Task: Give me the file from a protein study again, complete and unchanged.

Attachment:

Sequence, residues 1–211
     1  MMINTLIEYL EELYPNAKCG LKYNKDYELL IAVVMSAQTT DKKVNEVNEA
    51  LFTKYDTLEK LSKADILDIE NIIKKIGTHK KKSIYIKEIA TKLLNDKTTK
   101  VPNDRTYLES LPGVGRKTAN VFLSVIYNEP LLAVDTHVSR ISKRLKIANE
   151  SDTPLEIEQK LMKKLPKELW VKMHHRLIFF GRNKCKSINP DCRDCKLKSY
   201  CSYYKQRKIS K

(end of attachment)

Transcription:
Sequence, residues 1–211
     1  MMINTLIEYL EELYPNAKCG LKYNKDYELL IAVVMSAQTT DKKVNEVNEA
    51  LFTKYDTLEK LSKADILDIE NIIKKIGTHK KKSIYIKEIA TKLLNDKTTK
   101  VPNDRTYLES LPGVGRKTAN VFLSVIYNEP LLAVDTHVSR ISKRLKIANE
   151  SDTPLEIEQK LMKKLPKELW VKMHHRLIFF GRNKCKSINP DCRDCKLKSY
   201  CSYYKQRKIS K